While the Taliban have barred girls above sixth grade from attending school, it has allowed them to continue attending private educational centers. The courses are roughly $40 a semester, an enormous sum for most Afghan families.

“Girls were not allowed to go to school after grade six, so they would try to improve their English here,” said a senior community leader in the neighborhood, who didn’t want his name used because the Taliban had warned him not to speak to the media.

At around 7 a.m., gunmen stormed into the center and killed the guards. Then, the suicide bomber detonated himself in the hall, apparently near the girls’ section.

“I saw bodies being taken out and put in cars to be taken to hospitals,” said one man who lived 50 feet from the Kaaj Center and ran to it when he heard the explosion. “Most of the students had blood on their bodies. Most of the victims were girls.”

As he spoke near a side street leading to the school, a group of heavily armed Taliban fighters in camouflage arrived. The man jumped on his bicycle and fled in fear. The fighters went door to door, entering homes in an apparent search for collaborators.

But few Hazaras expect the Taliban to find the perpetrators, or to stop future attacks.

“They are torturing us in a cage,” said one Hazara man, staring at the Taliban fighters as they barged into homes. “I wish I was not Muslim.”

“This is like pouring salt on our wounds,” said another Hazara man, as he stood near Taliban fighters who had sealed off the road to the Kaaj Center.

At Mohammad Ali Jinnah Hospital, a group of women were wailing. Mothers walked with the help of relatives as they followed their children’s bodies, some zipped up in plastic bags, into ambulances. A crowd stared at a list of the dead and injured attached to a wall, searching for loved ones.

Others mourned not just the dead — but the loss to Afghanistan’s future.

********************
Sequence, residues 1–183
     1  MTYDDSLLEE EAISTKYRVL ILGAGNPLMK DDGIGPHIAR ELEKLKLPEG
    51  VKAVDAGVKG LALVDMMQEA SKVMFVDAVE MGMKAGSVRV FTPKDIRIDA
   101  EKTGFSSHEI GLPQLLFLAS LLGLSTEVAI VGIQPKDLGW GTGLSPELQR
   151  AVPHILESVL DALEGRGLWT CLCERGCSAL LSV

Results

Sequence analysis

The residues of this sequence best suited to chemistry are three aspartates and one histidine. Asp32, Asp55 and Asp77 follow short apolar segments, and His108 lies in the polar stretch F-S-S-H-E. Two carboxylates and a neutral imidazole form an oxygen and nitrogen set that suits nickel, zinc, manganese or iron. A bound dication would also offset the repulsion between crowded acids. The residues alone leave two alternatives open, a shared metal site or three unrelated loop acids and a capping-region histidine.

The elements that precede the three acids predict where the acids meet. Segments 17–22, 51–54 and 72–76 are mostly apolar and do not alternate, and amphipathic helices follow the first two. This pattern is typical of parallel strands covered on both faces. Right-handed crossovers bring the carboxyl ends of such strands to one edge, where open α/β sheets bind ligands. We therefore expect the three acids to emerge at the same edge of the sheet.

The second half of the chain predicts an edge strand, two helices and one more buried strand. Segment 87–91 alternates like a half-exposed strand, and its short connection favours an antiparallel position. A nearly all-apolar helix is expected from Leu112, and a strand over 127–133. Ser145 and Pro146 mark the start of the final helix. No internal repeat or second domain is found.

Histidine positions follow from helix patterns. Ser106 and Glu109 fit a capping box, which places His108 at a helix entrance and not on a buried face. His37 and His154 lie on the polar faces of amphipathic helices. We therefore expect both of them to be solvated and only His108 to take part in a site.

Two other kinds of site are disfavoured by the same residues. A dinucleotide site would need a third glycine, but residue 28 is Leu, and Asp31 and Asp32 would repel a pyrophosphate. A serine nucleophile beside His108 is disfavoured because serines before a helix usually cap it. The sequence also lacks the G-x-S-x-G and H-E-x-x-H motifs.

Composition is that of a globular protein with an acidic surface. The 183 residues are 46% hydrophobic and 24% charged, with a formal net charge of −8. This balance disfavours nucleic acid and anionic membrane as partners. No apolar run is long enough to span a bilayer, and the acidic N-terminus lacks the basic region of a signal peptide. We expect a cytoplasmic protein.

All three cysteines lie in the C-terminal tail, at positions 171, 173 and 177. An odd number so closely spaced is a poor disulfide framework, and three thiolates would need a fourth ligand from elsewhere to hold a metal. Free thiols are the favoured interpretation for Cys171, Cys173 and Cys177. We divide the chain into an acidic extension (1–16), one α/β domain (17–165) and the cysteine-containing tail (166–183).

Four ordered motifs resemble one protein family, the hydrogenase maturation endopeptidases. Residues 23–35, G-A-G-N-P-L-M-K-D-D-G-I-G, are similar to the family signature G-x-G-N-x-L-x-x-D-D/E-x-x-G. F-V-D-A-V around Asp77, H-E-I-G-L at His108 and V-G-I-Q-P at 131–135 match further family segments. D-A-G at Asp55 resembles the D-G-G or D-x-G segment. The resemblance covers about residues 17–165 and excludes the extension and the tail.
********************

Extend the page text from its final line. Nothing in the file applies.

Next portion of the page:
After watching the body of her friend Hosniya, 19, get placed in an ambulance, Magul Rafi, 26, remembered her courage. Hosniya decided to leave her village in Ghazni province to seek an education in Kabul, even after the Taliban took over.

She studied mathematics and history at the Kaaj Center in the hope that a college education — which the Taliban, at least for now, has not banned for women — would offer her a new life. She was full of optimism.

“We are all not alive,” said Rafi, about living as a woman under the Taliban. “It’s like being in prison.”

Ragia Rasuli, 18, was lucky. On Friday, she decided to attend another seminar and skip the practice exam. But her close friend, Amollbanin Asqheri, 17, was at the center.

After the explosion, Rasuli tried to reach her, but couldn’t get through. Later in the morning, she went on Facebook. Asqheri’s brothers had posted that she was among the dead.

“I went silent for a few minutes,” recalled Rasuli. “I was so sad. She was a great girl.”

“She wanted to be a journalist in Afghanistan,” she continued. “She wanted to spread the voices of Afghan people to the world.”

Rasuli does, too. Like her close friend, she dreams of becoming a journalist. If the Kaaj Center doesn’t reopen soon, she plans to study at another center.

“Explosions can never close the centers for us,” she continued. “I will be an example for all the girls in Afghanistan. This is my dream.”

Haq Nawaz Khan in Peshawar, Pakistan, and Paul Schemm in London contributed to this report.